I like when a serious issue is approached with a sense of humor. But it seems to me the list is not full. Non-reversible adhesives should be added to the list, along with self-made repairs, and some other nightmarish things. However, that may be more of conservator's peeves, not archivist's.
Archival Work, Book Repair and Restoration
Digitized Book of the Week: Catalog of the Maurice Escoffier Collection for the Giraud-Badin Auction
Professor Escoffier had a particular fondness for the Romanticism and, along with these activities, his passion for books led him to open a bookstore of old books The House of the bibliophile ("La Maison du bibliophile") in 1922.
Digitized Book of The Week: A Short Historical Sketch of the Art of Bookbinding by William L. Andrews
Here is the last digitized book of October. It's much smaller, and I wasn't initially considering it to be scanned at all. First, we already have it in our Book Collection; second, it is available at the Smithsonian Libraries digital archive.
This week's scanned book is the third volume of the catalog of the library of René Descamps-Scrive. Last week I posted some excerpts from the first two volumes of the same catalog.
For quite some time I've been looking for a new way to show gratitude to patrons of iBookBinding at Patreon.com. And several weeks ago I realized that I could share with them some books from my newly acquired collection.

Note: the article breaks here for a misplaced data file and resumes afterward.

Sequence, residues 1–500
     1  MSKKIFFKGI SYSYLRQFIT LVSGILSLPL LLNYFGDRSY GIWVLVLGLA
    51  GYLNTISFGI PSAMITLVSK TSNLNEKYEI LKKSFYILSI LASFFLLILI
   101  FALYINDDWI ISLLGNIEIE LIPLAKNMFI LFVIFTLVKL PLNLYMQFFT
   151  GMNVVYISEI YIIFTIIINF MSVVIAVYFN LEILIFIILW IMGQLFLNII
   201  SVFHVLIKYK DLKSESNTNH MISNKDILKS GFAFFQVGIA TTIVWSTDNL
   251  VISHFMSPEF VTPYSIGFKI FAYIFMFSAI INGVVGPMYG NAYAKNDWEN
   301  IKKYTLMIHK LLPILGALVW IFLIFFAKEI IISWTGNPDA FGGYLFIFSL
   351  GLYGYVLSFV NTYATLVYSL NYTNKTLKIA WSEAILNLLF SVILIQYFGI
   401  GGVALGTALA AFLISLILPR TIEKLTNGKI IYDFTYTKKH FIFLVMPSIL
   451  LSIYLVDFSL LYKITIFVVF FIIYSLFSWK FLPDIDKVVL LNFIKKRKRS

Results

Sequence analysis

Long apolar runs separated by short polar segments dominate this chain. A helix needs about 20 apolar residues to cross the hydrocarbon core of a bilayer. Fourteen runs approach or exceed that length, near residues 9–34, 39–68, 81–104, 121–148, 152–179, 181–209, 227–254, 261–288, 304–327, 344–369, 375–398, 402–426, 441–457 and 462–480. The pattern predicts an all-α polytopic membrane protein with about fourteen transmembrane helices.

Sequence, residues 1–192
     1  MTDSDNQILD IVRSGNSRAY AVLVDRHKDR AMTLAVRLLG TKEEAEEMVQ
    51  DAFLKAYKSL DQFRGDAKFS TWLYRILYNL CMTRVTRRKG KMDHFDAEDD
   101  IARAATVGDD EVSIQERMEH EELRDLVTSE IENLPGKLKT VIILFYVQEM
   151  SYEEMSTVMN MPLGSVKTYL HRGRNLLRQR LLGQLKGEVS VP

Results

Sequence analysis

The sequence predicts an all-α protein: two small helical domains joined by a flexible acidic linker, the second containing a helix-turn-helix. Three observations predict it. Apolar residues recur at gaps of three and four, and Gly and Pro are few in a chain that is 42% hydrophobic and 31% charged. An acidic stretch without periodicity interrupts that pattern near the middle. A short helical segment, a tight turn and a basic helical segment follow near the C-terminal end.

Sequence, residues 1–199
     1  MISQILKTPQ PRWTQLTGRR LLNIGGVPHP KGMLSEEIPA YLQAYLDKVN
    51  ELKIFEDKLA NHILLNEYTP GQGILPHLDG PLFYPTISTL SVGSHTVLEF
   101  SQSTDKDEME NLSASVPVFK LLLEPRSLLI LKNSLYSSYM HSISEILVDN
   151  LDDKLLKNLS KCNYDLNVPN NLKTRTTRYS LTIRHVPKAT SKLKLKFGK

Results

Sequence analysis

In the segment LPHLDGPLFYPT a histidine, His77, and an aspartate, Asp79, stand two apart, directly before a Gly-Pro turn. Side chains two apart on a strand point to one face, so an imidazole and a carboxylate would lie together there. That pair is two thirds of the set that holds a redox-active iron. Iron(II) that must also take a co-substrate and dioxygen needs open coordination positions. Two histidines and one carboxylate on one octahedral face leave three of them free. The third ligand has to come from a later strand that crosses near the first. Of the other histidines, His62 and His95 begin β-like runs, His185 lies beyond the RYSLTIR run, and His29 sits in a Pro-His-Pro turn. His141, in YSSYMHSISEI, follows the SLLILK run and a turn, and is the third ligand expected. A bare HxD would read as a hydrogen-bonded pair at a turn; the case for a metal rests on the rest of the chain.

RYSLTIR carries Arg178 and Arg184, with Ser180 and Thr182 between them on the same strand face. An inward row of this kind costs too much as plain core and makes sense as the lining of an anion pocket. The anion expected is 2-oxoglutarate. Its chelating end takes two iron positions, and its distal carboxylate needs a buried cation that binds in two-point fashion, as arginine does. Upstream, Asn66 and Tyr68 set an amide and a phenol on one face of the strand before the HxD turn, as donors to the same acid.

These past days I’ve been digging into piles of my old and new stuff. Heaps of bookbinding paper and documents, power tools, pieces of wood and lots of other things. Just in two weeks, we are moving to Amsterdam, and all our possessions had to be sorted, separated and evaluated. Many of them went to garbage, some we are taking with us. Dealing with many things that were stored for a long time without moving made me experience the worst sort of allergy I had in a long time. Continue reading →
For almost 15 years the top place in the list of the most expensive books and manuscripts was held by the original copy of Leonardo da Vinci’s notebook Codex Leicester (1500s), acquired by one of the Microsoft’s founders Bill Gates in 1994. With selling price of more than $30 million it was ahead by a third compared to the next book on the list – one of the original copies of Magna Carta (1297). Continue reading →